The label compilation serves as a great way to broadcast a mission statement for an imprint – here are the groups support, and this is who we are. Dead Funny Records have put out some excellent materials by the likes of Osaka’s The Paella’s, Saitama’s Fancy Books and Tokyo’s Jappers, but with their first official compilation album they attempt to carve out an identity for themselves. This 50-minute-plus album primarily features guitar-heavy rock bands from all over Japan – it’s not the most niche style to put on for, but Dead Funny at least set boundaries as the music here ranges from sorta harsh (POP-OFFICE’s lovely “End Of Summer,” the rough-but-strong contribution from the band Half Sports which features such a good gallop) to toothache-causing indie-pop (the hiccuping “Little Girl” courtesy of Old Lacy Bed, a jangly contribution from the always impressive Homecomings) that is still different from a label like Ano(t)raks – despite both sharing Tokyo tweesters Boyish who appear on this album.
It’s not really shocking that one of the highlights of Dead Funny’s compilation album is a new track from The Paella’s. Over the past few years, this Osaka group has developed a style that suits them perfectly – whenever I listen to them, I picture a dimly lit lounge somewhere in a big city, half-empty at like 4 in the morning – and their “Fall Even Further” is a driving number strengthened by the group’s use of subdued vocals. Yet the other great tracks come from groups that haven’t gotten as enough attention – the CD starts with what might be the best song here, a bouncy bit of indie-pop from the band talk called “In Refrain Rain.” It moves at a skip, but the outfit’s use of bells lend it a soft quality. Plus, that chorus is sweet and manages the tricky business of being inflated and sorta wistful. Fukuoka’s Hearsays also score a highlight with their “The Blind,” a Real-Estate-esque bit of Sunday morning pop.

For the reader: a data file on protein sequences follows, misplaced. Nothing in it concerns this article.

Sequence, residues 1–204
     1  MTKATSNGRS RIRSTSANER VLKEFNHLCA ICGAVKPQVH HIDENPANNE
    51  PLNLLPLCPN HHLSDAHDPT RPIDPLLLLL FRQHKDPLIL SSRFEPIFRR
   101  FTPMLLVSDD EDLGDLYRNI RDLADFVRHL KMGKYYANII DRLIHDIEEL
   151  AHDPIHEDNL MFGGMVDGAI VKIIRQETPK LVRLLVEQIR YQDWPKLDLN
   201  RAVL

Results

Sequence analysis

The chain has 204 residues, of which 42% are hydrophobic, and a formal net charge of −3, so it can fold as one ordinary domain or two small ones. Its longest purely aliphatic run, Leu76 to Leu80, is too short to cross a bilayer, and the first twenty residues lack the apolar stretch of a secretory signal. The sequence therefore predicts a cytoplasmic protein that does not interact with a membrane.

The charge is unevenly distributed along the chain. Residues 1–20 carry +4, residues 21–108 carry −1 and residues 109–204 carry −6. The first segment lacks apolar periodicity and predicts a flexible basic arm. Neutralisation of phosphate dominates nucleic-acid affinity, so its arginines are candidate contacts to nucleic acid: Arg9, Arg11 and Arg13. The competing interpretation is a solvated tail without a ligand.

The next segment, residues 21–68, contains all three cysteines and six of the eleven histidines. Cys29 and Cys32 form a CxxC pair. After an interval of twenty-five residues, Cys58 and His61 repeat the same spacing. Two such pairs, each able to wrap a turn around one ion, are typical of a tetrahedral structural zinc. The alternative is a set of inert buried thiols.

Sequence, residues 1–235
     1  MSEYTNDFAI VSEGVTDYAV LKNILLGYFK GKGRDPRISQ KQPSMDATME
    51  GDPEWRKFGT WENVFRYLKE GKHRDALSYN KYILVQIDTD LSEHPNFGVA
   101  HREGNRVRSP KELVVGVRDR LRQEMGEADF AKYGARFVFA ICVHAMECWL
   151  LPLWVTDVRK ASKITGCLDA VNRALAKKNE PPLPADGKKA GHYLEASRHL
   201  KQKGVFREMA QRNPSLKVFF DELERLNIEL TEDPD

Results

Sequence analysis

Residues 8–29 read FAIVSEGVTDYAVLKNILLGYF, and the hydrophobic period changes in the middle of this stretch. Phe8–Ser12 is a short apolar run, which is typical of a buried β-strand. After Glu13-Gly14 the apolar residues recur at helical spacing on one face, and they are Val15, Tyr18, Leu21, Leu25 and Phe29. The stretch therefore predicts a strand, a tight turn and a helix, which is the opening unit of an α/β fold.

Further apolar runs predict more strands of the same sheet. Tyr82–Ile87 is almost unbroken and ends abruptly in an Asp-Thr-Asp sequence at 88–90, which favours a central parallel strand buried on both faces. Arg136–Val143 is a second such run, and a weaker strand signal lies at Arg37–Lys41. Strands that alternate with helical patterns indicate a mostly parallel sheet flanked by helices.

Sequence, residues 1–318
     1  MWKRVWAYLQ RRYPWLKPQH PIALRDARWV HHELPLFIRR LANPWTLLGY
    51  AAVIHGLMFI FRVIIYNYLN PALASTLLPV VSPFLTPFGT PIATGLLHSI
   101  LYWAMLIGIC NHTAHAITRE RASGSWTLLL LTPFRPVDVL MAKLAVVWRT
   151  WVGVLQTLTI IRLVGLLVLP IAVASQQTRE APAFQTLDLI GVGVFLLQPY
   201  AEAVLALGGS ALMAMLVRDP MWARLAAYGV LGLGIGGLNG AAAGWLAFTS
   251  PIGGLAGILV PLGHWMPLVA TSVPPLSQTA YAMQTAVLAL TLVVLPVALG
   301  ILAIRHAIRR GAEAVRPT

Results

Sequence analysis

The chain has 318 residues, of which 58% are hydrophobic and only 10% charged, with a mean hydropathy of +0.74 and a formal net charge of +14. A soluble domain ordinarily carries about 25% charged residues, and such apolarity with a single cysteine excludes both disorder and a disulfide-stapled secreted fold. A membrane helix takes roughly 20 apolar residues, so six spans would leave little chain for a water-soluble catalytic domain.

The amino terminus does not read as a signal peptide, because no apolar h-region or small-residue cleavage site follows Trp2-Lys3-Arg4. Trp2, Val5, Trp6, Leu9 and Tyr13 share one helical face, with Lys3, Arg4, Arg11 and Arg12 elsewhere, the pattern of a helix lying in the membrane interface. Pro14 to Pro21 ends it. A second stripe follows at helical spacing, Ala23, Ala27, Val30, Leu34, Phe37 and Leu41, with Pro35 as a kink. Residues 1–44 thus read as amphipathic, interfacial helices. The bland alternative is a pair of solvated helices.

Only one song clashes with the Dead Funny sound established on this comp, and it’s a welcome curveball. Fancy Books’ “Nephogram” barely utilizes guitars, instead creating a spaced-out track where unintelligible voices drift like stardust and a thousand twinkles burn off in the distance. Every label needs that one band that seems out of place but actually pushes the place in new directions. Buy the album here, or listen to it below (first heard on Gold Soundz).